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Posted: 3:56 p.m. Monday, March 10, 2014

SXSW Eats: How to sell meat-free 'meat' to a billion carnivores 


Beyond Meat's "beef-free crumbles"
Beyond Meat
Beyond Meat is one of the companies trying to expand the market for plant-based meat substitutes. CEO Ethan Brown was at a panel at South by Southwest Interactive to discuss innovations in food processing.

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Soylent's liquid meal photo
Soylent
Protein shakes have been around for a long time, but Soylent is a new company that is selling an even more nutrient-dense powder that you mix with water to create a total meal replacement. The CEO of Soylent was at South by Southwest to talk about innovations in food processing.

By Addie Broyles

The environmental impact of meat production is hard to dispute. Livestock, especially cattle, require an enormous amount of water, feed and land to produce protein that those of us who eat meat often overlook when we bite into that hamburger.

In recent years, we’ve seen a surge of companies making meat substitutes that, unlike protein-rich tofu or tempeh, have the taste and texture of traditional meat or eggs, and in a panel late Sunday afternoon, the leaders of four of the companies — Beyond Meat, Soylent, Hampton Creek Foods and Modern Meadow — converged to talk about the future of this kind of food processing.

Robert Rhinehart’s company, Soylent, raised more than $2 million in a crowdfunding campaign last year to create a liquid (and vegan) meal replacement, and Andras Forgacs’ Modern Meadow is developing techniques for creating leather and meat that are biologically identical to what you’d get from an animal but without the slaughter.

Neither of those products are on the market just yet, but Soylent’s powder, which you mix with water to create a mega nutrient shake, will be available for purchase by summer.

Of all these companies represented at the panel, Beyond Meat has the widest commercial reach today. The company sells eerily meat-like “chicken-free strips” and “beef-free crumbles” at grocers nationwide, including Whole Foods Market, H-E-B and Sprouts.

CEO Ethan Brown said that by heating, cooling and then adding pressure to the primary plant ingredients, including non-GMO pea and soy, they are able to create an ingredient that provides comparable nutritional value, taste and texture as regular meat but with a fraction of the resources.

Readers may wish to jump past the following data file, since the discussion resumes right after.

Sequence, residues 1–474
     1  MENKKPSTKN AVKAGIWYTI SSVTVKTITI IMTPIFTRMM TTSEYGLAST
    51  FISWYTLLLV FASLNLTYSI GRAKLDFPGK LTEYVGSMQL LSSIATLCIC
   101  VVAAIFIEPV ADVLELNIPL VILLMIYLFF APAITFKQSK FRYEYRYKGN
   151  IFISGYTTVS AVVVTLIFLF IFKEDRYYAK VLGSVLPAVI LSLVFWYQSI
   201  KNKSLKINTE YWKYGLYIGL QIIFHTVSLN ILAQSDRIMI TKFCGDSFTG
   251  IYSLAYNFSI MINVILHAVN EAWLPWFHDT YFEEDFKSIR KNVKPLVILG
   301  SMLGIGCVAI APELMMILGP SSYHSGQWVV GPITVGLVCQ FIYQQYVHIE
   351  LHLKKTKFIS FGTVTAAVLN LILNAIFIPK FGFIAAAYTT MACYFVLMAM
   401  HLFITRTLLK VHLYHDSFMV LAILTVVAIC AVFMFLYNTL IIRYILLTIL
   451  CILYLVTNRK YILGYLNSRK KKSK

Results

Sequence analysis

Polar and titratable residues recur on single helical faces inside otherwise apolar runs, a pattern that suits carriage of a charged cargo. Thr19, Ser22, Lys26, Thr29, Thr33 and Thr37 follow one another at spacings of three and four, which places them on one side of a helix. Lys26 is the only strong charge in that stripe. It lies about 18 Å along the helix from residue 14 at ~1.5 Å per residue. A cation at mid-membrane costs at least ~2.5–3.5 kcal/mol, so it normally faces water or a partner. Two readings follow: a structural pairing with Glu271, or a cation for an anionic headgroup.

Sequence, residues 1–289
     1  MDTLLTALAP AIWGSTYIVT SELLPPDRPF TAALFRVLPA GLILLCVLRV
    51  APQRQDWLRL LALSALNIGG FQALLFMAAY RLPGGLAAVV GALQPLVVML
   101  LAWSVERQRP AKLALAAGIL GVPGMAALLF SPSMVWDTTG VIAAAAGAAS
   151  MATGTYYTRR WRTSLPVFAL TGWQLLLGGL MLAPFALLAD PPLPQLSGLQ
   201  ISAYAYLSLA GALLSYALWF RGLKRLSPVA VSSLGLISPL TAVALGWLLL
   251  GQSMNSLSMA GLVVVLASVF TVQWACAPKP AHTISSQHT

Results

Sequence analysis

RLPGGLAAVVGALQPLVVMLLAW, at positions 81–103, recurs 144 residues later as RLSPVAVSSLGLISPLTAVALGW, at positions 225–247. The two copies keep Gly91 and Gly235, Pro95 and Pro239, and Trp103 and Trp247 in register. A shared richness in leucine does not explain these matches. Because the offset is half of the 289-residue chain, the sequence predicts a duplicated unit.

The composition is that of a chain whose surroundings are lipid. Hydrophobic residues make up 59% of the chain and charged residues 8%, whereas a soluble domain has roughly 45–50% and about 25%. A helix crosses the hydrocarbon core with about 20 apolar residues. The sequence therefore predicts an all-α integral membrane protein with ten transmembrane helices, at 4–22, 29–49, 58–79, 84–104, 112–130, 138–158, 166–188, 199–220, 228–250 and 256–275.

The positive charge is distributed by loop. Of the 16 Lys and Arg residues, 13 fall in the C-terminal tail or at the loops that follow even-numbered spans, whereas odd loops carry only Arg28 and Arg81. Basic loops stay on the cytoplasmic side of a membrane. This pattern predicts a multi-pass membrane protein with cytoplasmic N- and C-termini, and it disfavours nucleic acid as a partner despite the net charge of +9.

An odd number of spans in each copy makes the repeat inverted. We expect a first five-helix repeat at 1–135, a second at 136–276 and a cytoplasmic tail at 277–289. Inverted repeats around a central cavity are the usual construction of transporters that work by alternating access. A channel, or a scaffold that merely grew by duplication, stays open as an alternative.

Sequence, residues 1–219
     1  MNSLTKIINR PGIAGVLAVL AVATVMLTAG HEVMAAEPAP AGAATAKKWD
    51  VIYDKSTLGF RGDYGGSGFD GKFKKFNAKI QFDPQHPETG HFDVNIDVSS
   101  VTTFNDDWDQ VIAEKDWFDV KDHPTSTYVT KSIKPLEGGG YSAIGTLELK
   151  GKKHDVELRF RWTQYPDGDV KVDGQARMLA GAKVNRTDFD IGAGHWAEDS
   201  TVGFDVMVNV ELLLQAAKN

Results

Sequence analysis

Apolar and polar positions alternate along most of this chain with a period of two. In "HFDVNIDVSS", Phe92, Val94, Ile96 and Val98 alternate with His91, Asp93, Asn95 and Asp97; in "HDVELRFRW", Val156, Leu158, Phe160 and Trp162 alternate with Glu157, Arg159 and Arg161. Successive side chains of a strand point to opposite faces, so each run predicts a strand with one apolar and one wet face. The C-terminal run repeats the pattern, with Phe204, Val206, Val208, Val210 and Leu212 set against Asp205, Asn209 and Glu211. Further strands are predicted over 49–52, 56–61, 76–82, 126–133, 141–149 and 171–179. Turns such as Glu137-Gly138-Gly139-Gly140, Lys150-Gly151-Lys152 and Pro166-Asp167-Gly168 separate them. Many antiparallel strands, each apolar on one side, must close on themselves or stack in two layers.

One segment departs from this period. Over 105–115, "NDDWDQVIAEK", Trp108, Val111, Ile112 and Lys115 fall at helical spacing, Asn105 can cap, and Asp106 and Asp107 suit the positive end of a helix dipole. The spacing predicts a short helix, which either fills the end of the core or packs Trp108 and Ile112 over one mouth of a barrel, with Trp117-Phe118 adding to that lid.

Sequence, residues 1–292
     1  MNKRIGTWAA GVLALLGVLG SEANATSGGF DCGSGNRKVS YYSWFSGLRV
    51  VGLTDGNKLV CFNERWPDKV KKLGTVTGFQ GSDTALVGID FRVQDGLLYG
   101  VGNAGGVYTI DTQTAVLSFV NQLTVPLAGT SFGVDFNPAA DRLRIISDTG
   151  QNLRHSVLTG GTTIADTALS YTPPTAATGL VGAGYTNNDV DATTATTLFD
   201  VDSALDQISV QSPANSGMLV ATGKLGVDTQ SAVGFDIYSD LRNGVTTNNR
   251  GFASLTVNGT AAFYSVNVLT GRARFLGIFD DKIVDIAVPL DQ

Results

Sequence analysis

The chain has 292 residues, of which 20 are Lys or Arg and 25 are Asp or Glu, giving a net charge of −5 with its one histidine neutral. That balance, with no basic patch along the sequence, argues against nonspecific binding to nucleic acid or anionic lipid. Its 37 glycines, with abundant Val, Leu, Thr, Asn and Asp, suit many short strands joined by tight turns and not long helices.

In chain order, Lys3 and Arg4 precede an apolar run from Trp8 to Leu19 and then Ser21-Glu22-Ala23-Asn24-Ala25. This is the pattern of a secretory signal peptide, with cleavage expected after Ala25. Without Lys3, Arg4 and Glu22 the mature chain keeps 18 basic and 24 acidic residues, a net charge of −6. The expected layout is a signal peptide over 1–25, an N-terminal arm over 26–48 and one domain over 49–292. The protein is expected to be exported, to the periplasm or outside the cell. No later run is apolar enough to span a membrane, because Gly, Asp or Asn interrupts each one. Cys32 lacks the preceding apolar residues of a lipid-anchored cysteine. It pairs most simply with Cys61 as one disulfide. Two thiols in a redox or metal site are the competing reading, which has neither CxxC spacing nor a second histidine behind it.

It takes two minutes to run the Beyond Meat process to make “chicken” strips, compared to six weeks to actually raise a chicken, Brown says.

People say, “this is not a natural form of meat,” Brown said. “But the end game is protein, lipids and trace carbs. If we can assemble that in a way that mimics the fibrous texture of pork, beef and chicken, at the end of the day, that’s meat.”

The Beyond Meat products cost about the same as organic beef or chicken, between $5 and $6 for just less than a pound of “meat,” which led to a bigger discussion about affordabilty, convenience and what it will take to make these products mainstram.

Hampton Creek Foods CEO and founder Josh Tetrick, a self-described “fervent capitalist,” said that as a businessman, he couldn’t back a company that didn’t sell a marketable product that he couldn’t make money on.

“There are lots of innovations in food that don’t make money, but this is an area where there is a lot of money to be made,” he said. Hampton Creek’s egg-like substance “is 48 percent more cost effective than the cheapest, worst-quality eggs you can buy.”

But right now, he’s not selling eggs. With the financial backing of supporters including Bill Gates, Hampton Creek’s debut product is a vegan mayonnaise called Just Mayo, which is also already available in some Whole Foods Markets.

A third of eggs we eat, we don’t experience as eggs, Tetrick says, which is why Hampton Creek is starting in the non-”egg” space with mayo and, in the next year, cookie dough.

“We say, take out the egg, put in a plant and lower the cost,” he says.

When considering the viability of products, Tetrick said he keeps three things in mind: China, India and his dad. The first two are a reminder that unless we find solutions that can be rolled out on a large scale in the biggest markets in the world, we won’t be making very much of an impact at all.

“If we’re just capitalists and starting over, it seems illogical to spend so much money on feed, water and land and inefficient processes to feed our population,” he said.

And the last — his dad — represents the ultimate hurdle: getting the everyday eater to sign on.

“My dad will never ever pay $6 for eggs at a farmers market,” Tetrick said. “Change will only come with (the product) is as convenient and cheap” as the conventional choice.

Addie Broyles

About Addie Broyles

Hailing from the Ozarks, Addie Broyles expanded her cooking (and eating) skills on the West Coast and Spain before settling in Austin, where she writes about food for the Austin American-Statesman.

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